On 8 June 2016, the roll on, roll off (ro-ro) vessel Eddystone experienced an unintentional release of carbon dioxide (CO2) from its fixed fire-extinguishing system while in the Red Sea. A similar incident took place on 17 July 2017 on board the ro-ro passenger ferry Red Eagle while on passage from the Isle of Wight to Southampton. In both cases, gas leaked into the CO2 cylinder compartment, but was prevented from entering the engine room by the main distribution valve which remained closed. Fortunately, no one was harmed in either of these incidents. However, the unintended release of CO2 from fire-extinguishing systems has caused 72 deaths and 145 injuries, mainly in the marine industry, between 1975 and 2000.
the maintenance of the fire-extinguishing systems was inadequate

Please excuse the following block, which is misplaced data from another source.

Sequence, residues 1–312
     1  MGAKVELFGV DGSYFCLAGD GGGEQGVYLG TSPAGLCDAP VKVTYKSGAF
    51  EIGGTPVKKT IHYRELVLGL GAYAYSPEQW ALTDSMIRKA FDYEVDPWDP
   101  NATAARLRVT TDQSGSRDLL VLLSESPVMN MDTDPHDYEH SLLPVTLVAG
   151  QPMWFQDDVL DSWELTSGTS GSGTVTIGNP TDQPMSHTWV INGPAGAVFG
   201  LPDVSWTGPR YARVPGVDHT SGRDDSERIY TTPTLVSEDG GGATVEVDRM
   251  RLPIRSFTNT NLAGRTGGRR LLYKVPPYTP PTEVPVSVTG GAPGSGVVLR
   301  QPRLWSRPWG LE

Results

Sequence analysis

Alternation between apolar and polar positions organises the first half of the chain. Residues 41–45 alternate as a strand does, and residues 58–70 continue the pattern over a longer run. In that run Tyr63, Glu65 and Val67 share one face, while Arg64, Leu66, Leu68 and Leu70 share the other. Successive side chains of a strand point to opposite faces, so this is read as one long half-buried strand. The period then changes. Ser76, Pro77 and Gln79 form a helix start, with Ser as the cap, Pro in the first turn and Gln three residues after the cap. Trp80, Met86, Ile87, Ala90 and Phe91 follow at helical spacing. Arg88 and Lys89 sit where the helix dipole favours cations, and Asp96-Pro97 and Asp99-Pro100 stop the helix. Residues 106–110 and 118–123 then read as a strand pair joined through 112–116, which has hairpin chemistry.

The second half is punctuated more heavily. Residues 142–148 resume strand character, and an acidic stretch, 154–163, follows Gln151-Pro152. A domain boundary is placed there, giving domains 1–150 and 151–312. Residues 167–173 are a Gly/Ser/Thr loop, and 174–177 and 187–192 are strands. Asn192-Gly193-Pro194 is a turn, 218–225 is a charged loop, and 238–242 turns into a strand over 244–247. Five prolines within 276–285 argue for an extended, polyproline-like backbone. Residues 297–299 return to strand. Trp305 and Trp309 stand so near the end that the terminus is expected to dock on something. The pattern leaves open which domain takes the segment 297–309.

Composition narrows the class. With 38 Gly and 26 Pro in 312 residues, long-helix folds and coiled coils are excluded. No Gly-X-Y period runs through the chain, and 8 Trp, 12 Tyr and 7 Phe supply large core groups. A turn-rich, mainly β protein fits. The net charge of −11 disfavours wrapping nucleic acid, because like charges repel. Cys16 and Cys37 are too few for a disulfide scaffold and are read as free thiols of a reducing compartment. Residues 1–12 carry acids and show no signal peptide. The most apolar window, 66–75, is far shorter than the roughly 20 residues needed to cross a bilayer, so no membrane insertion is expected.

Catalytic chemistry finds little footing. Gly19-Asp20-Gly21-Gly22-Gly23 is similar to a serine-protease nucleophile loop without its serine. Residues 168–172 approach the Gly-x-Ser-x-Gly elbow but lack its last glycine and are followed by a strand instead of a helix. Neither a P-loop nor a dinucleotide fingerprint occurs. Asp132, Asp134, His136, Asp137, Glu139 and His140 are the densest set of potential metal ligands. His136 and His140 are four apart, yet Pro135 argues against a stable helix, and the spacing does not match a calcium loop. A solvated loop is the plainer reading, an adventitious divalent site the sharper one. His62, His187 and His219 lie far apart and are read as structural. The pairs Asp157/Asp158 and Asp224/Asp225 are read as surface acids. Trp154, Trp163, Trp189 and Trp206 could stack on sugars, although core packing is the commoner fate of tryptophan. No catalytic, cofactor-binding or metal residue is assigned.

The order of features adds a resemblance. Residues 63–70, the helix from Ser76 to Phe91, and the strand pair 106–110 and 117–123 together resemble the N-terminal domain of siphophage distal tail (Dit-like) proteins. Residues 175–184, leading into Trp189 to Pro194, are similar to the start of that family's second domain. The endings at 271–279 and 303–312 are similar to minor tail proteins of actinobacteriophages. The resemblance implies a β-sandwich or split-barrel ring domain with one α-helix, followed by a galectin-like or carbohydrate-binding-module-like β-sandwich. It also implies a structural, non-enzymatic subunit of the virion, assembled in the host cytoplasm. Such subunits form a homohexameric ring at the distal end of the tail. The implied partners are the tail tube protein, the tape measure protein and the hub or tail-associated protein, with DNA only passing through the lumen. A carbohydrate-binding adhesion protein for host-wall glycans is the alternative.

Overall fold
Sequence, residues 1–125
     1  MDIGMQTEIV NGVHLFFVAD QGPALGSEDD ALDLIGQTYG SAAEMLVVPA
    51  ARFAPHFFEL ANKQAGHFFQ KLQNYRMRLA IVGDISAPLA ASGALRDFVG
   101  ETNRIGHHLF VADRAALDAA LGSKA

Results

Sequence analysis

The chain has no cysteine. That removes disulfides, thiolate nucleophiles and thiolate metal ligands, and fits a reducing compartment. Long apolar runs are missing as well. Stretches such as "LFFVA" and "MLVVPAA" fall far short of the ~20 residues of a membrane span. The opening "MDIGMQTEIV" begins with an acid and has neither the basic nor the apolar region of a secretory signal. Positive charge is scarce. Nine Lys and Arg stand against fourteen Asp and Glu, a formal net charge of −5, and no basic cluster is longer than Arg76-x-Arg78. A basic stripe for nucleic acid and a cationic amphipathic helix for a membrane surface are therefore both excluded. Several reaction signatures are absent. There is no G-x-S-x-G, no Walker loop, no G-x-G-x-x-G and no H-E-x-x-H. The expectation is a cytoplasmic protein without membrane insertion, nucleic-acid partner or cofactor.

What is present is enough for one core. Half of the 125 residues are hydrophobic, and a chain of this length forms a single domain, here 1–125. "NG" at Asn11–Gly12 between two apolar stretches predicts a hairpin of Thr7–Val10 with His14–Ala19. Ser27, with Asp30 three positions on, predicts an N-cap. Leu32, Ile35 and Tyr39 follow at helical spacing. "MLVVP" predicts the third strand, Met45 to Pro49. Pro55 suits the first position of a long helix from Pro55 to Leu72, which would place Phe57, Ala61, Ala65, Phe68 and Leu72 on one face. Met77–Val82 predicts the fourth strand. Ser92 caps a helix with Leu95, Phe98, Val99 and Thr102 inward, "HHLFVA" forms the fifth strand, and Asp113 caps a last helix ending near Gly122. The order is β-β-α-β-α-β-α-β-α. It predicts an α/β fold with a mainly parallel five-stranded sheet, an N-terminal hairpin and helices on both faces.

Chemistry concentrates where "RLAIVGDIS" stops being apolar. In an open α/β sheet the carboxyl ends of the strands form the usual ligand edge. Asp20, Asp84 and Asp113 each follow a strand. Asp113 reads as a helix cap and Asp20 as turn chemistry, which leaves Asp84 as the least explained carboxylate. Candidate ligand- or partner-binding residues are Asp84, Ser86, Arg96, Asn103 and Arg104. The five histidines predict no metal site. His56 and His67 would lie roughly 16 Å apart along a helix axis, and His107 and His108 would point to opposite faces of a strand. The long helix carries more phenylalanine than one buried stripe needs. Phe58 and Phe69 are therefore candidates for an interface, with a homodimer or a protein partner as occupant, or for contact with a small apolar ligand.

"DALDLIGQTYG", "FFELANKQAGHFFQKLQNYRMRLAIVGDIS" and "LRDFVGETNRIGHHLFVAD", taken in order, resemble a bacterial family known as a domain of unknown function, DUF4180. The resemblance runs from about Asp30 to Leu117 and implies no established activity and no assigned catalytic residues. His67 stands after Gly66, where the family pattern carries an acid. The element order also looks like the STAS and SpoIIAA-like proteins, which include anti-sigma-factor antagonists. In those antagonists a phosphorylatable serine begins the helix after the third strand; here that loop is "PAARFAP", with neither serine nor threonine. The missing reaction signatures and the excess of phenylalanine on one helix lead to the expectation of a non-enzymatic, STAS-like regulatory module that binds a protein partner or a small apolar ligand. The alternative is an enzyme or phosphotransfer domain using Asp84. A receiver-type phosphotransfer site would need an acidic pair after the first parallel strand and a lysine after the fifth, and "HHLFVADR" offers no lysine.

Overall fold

the available guidance for the marine industry on the maintenance and inspection of CO2 fixed fire-extinguishing systems was insufficient
Recommendations have been made to:
the Maritime and Coastguard Agency (2018/123 and 2018/124) to ensure that all safety devices fitted to CO2 fixed fire-extinguishing systems are maintained and surveyed appropriately; and, to seek clarification from the International Maritime Organization of the maximum permitted periodicity between hydrostatic testing of individual high pressure cylinders (MSC.1/Circ.1318)
Det Norske Veritas – Germanischer Lloyd and Lloyd’s Register (2018/125), to raise with the International Association of Classification Societies the issue of the quality of service provided by approved service suppliers in the maintenance of CO2 fixed fire-extinguishing systems
the owners of Red Eagle (2018/126), to review the design of the CO2 fire-extinguishing systems fitted to their vessels where the leakage of a single cylinder valve causes the entire system to discharge